Foreign holidays are currently banned across the UK, under strict rules to minimise the risk of Covid-19 transmission.
Currently, travellers are only permitted to leave the country with a reasonable excuse, such as for work or study, with people living in England and Wales facing a £5,000 fine for breaking the rules.
However, despite the ban on travel, several foreign countries have announced they will welcome British tourists this summer once restrictions lift.
Here is the latest guidance on travel and holidays, and which countries UK travellers will be able to visit once restrictions are lifted.
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When will foreign travel resume?
It is currently illegal to travel abroad for holidays and other leisure purposes in the UK, with foreign trips only permitted if it is essential, such as for work purposes.
A UK government taskforce report is due on 12 April, which is expected to detail how and when international travel can resume.
At the moment, the earliest date when people living in England, Scotland and Wales will be able to holiday abroad is 17 May.
However, this will be dependent on various factors, including the number of Covid-19 cases across the country and the success of the coronavirus vaccine rollout.
Northern Ireland has not yet confirmed its plans for holidays and travel, but chief medical office Dr Michael McBride has said it would be “premature” to book a foreign summer trip.
The slower rollout of Covid-19 vaccines in Europe, and a recent surge in coronavirus cases, has also cast doubt on the possibility of foreign travel being able to resume this summer.
Which countries will welcome UK tourists?
Many popular European holiday destinations have announced plans to reopen their borders this summer, with the hope of welcoming back UK tourists.
Malta is the latest country to state it will welcome the return of UK travellers from 1 June, although it will be required that tourists have had both doses of a coronavirus vaccine to be allowed to enter.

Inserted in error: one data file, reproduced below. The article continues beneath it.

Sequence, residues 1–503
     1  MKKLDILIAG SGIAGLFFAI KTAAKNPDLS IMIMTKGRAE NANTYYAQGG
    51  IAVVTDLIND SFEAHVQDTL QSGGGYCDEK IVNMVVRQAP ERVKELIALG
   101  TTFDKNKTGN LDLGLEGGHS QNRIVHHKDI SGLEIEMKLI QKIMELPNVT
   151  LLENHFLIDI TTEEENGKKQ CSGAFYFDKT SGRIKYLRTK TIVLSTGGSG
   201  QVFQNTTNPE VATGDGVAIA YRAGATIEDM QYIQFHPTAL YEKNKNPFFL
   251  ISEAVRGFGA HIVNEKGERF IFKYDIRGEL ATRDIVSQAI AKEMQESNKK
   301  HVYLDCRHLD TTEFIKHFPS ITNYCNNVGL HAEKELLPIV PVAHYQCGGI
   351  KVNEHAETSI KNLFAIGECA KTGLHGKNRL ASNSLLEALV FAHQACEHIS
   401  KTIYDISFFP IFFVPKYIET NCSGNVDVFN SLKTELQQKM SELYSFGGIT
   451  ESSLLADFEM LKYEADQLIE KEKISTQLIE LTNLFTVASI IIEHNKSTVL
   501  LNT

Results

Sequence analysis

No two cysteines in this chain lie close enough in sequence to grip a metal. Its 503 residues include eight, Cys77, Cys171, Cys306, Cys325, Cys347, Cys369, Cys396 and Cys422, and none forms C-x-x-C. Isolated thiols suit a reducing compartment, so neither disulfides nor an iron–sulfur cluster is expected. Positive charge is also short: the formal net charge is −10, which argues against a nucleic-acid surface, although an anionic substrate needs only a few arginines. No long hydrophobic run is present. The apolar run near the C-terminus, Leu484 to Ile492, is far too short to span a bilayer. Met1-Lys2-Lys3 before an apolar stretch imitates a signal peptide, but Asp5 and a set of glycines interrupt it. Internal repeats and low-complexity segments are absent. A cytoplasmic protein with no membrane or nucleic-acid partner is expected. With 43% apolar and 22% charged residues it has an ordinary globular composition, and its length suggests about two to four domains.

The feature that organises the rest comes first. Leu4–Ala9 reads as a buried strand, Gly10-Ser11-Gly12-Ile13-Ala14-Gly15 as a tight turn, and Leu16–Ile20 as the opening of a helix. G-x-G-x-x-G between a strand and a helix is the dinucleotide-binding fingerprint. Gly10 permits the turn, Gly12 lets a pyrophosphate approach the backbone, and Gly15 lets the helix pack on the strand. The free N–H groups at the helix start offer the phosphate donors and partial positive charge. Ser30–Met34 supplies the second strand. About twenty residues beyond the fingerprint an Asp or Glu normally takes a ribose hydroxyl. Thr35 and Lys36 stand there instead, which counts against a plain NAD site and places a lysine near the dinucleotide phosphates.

The UK is currently on Malta’s red list of countries, which means non-vaccinated travellers are banned from entering.
As such, travellers will need to show their vaccination card before boarding flights, according to the Malta Tourism Authority (MTA).
Tolene Van Der Merwe, director for the UK and Ireland at MTA, said: “Malta is a very popular destination for British holidaymakers and is a key contributor to Malta’s economy, so we are excited to welcome back fully vaccinated travellers from the United Kingdom from 1 June.
“The people of Malta are looking forward to tourists returning who have loved our sunshine, culture, food and warm spirit year in, year out.”
Here are some of the other European countries that expect to welcome UK holidaymakers back this year, and the requirements for visiting:
Greece is aiming to reopen its borders to foreign tourists from 14 May.
Visitors will be required to have had a vaccination, a recent negative Covid-19 test, or have coronavirus antibodies in order to enter.
Spain is keen to reopen its borders “as soon as possible”, but is yet to confirm how or when UK holidaymakers will be welcomed.
However, the country has announced it is considering the use of vaccine passports from May.
Portugal expects to be open for UK visitors from 17 May, which is the earliest date that people in England, Wales and Scotland could be allowed to travel abroad for holidays.
It is likely that travellers will be able to enter the country without restrictions if they show evidence that they have been vaccinated, have coronavirus antibodies or have received a recent negative Covid-19 test.
France is allowing UK visitors to enter if they have had a negative PCR test carried out 72 hours before departure.
However, travellers must self-isolate for seven days on arrival under current rules, before taking another test.
A date for the easing of measures is yet to be confirmed.
British nationals who have received both doses of a coronavirus vaccine will be welcomed from 1 May, without the need to take a Covid-19 test or self-isolate.
All arrivals from the UK on non-essential visits are banned until at least 6 April, amid concerns over the UK variant of coronavirus.
Travellers must also have proof of a negative molecular or antigen swab test taken in the 72 hours preceding their entry, and take another test within their first 48 hours in the country.
Turkey expects to welcome UK holidaymakers this summer even if they have not been vaccinated or taken a recent Covid-19 test.
The country will assess its plan for the summer after 15 April.